TRAVELLING TO the Nehru Science Centre in Worli from Mahalaxmi Station, motorists take the Dr E Moses Road. While the road finds a mention on the addresses of other prominent locations in the city, such as Famous Studios and Mahalaxmi Race Course, very few know that the 2-km stretch is named after the city’s first Jewish mayor, Dr Elijah Moses. Belonging to the Bene Israeli community, Moses was also a medical practitioner and played an active role during the plague of the 1920s, treating people from all walks of life. What began as social service eventually led him to become a municipal councillor from Dongri, where his dispensary was located, and later to become the mayor of the city from 1937-38.
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Believing that the proper disposal of the dead is necessary to avoid the spread of plague, he undertook the provision of cemeteries in the city. Also realising the need for proper home care for the poor after being discharged from hospitals, he associated himself with the King George V Infirmary. “The land for the cemeteries and crematorium was provided on Haine’s Road and the Infirmary is also on the same road. As these projects were located here, this road was renamed Dr E Moses Road,” says Jonathan Solomon, the maternal grandson of Moses. There is no plaque commemorating Moses, either on the road or on the walls of the cemetery, where he himself lies buried.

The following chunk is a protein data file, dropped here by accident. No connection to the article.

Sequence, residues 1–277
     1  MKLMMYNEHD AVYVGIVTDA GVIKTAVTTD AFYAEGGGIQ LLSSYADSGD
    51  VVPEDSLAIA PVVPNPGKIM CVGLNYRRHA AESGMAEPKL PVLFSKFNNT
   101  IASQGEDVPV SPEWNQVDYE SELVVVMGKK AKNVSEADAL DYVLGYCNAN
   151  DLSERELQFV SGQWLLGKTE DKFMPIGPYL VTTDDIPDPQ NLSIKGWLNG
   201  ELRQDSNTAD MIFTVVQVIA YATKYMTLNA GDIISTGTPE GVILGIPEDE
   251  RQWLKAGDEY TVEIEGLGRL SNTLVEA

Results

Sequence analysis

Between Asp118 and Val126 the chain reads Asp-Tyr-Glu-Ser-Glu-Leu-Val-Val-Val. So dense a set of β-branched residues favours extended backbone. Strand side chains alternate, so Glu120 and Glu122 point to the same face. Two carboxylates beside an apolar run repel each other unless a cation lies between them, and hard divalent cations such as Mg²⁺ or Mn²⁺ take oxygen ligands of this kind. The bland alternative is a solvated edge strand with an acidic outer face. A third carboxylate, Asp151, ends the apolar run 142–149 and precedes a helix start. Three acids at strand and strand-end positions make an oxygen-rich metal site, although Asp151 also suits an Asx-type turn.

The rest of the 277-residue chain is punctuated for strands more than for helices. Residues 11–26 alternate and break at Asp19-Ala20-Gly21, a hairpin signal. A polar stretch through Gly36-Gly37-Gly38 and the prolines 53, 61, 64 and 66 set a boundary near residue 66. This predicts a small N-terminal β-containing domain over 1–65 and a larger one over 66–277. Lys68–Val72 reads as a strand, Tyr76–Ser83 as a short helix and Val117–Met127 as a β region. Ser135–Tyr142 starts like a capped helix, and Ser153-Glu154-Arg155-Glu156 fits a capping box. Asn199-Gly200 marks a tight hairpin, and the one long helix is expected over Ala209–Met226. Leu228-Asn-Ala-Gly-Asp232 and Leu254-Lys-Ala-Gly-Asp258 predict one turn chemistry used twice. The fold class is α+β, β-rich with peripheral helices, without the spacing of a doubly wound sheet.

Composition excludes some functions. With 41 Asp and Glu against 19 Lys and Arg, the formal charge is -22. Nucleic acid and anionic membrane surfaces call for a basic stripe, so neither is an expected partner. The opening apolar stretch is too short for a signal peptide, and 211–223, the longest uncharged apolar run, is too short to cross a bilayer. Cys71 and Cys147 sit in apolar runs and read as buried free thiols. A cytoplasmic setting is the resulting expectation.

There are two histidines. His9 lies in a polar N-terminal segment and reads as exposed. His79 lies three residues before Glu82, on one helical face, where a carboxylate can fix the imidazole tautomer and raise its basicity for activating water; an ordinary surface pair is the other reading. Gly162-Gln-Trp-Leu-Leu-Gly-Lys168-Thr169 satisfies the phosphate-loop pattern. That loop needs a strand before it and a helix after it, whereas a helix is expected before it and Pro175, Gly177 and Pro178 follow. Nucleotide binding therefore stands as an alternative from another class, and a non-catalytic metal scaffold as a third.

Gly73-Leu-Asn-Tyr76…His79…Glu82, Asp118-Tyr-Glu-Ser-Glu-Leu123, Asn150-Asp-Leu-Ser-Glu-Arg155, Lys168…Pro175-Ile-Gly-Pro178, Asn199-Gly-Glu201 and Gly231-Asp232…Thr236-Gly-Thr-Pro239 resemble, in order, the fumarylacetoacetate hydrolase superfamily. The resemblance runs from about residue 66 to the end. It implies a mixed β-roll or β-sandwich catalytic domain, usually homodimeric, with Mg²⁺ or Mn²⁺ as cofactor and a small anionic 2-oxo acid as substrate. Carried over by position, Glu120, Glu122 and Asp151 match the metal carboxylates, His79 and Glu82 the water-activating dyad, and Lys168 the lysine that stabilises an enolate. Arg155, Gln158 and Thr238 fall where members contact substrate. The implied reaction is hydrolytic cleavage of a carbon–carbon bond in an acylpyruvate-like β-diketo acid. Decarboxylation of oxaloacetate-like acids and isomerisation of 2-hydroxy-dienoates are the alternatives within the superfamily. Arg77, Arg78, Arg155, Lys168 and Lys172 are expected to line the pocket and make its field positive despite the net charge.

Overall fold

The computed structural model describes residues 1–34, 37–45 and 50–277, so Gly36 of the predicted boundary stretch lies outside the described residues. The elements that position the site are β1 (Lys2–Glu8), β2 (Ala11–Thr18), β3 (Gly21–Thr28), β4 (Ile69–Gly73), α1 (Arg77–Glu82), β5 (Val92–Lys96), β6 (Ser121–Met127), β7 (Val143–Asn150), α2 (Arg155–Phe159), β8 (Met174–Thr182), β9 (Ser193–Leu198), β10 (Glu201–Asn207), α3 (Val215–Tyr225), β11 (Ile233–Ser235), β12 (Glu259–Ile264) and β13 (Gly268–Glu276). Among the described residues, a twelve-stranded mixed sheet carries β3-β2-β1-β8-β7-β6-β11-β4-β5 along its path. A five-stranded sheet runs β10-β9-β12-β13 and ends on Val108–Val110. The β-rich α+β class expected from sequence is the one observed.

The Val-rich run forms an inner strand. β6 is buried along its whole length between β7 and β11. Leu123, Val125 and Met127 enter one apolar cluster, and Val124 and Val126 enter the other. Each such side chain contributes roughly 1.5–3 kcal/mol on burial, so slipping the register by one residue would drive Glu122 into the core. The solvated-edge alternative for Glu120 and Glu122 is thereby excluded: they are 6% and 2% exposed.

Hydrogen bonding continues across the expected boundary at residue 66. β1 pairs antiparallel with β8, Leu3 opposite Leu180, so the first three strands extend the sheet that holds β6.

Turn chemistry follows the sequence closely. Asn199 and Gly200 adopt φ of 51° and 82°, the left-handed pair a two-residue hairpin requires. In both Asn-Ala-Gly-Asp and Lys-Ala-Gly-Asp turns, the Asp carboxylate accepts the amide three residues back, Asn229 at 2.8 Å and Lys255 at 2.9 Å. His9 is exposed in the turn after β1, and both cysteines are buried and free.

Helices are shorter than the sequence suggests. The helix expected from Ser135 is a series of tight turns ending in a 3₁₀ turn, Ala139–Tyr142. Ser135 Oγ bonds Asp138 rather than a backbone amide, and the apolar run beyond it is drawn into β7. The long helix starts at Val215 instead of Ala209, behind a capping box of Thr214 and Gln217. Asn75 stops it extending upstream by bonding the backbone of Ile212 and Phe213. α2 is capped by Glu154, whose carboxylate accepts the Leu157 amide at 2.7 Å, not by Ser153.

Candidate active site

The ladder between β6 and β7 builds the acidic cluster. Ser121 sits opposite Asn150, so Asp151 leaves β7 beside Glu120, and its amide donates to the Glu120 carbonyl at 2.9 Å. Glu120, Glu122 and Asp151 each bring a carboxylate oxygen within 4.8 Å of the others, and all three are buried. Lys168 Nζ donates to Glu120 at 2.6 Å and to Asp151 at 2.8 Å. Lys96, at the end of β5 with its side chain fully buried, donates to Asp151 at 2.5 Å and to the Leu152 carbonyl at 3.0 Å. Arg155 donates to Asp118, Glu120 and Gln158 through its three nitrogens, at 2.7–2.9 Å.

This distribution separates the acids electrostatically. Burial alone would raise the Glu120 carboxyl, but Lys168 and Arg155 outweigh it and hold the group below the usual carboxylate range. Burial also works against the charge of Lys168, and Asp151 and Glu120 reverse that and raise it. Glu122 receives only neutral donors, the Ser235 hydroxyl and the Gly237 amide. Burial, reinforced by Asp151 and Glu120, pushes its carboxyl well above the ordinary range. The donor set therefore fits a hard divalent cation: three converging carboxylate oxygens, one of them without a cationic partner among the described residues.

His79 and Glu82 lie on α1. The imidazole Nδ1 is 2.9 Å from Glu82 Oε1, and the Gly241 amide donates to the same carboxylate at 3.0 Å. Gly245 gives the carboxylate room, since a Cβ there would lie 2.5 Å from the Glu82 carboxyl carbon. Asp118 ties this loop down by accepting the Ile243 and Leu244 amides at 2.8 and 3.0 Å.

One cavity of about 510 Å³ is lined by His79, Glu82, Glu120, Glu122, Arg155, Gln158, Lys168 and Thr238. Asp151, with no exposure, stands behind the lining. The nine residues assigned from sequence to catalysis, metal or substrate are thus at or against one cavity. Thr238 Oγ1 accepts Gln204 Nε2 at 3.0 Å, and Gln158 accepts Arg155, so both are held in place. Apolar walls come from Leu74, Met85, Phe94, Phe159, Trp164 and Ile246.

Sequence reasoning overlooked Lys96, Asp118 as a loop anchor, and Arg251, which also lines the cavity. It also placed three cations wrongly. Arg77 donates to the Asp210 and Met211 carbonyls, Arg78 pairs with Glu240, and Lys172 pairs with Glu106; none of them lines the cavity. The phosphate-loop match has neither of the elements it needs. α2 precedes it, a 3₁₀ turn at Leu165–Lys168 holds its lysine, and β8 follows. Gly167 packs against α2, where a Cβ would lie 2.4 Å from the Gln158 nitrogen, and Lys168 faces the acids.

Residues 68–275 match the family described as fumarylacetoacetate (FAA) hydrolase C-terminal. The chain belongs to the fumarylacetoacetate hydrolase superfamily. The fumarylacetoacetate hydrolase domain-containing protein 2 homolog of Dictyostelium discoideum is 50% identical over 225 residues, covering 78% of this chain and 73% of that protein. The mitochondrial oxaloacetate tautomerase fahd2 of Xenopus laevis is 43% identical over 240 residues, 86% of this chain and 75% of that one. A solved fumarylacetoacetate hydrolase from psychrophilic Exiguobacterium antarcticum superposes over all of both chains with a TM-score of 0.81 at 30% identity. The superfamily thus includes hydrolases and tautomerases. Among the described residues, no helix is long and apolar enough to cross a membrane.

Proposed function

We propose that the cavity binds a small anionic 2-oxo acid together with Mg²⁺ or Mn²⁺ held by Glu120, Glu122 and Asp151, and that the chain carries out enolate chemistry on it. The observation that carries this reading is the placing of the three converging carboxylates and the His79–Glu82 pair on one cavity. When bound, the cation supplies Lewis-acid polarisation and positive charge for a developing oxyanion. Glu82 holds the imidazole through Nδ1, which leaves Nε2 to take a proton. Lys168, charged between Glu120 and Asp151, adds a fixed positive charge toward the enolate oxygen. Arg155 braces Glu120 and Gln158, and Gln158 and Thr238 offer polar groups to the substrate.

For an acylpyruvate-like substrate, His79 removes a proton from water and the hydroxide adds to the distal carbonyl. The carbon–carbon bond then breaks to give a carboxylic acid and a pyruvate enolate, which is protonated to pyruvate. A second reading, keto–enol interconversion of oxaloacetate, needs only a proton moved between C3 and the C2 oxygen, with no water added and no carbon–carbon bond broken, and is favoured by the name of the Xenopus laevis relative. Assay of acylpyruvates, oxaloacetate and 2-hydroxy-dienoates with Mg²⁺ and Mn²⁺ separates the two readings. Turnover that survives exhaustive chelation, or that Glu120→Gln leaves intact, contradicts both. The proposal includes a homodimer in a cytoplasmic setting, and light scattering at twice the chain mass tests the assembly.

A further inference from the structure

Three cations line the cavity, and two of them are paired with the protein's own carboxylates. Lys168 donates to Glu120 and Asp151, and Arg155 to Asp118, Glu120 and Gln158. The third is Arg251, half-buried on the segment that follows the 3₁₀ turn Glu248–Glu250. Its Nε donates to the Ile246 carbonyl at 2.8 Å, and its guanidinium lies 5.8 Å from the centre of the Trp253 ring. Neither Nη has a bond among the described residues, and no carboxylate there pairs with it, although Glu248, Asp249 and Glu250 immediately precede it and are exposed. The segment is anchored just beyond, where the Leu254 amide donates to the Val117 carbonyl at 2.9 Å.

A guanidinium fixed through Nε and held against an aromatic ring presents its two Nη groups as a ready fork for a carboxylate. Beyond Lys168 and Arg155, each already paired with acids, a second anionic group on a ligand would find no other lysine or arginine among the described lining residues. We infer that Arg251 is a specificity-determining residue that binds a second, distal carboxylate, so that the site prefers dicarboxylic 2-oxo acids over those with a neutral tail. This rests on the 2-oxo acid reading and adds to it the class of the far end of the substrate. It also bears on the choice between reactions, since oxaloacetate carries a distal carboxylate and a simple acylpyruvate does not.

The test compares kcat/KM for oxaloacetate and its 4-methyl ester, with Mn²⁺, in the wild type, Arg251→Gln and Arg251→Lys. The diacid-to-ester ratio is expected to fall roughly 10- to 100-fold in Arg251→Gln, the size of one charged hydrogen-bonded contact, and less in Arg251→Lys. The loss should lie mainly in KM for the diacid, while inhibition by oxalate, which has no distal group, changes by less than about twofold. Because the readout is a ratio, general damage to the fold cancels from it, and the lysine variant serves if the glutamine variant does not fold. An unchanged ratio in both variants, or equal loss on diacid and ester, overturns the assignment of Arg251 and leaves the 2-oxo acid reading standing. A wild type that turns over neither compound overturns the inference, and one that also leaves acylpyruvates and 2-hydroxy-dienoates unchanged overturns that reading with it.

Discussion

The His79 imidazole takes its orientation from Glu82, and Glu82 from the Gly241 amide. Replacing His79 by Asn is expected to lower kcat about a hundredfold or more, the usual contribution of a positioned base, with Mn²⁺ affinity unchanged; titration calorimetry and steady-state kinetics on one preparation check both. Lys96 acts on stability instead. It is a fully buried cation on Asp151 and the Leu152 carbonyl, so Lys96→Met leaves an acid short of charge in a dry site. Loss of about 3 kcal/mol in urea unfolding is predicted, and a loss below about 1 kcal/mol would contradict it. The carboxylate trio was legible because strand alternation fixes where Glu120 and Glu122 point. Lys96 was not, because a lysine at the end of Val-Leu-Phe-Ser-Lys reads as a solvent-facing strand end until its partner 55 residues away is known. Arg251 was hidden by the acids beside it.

Saying that more needs to be done to celebrate Moses’s life, Solomon adds, “The Jewish cemetery was opened in 1923 and it was the last time that the municipal corporation gave a burial land to Jews in the city.”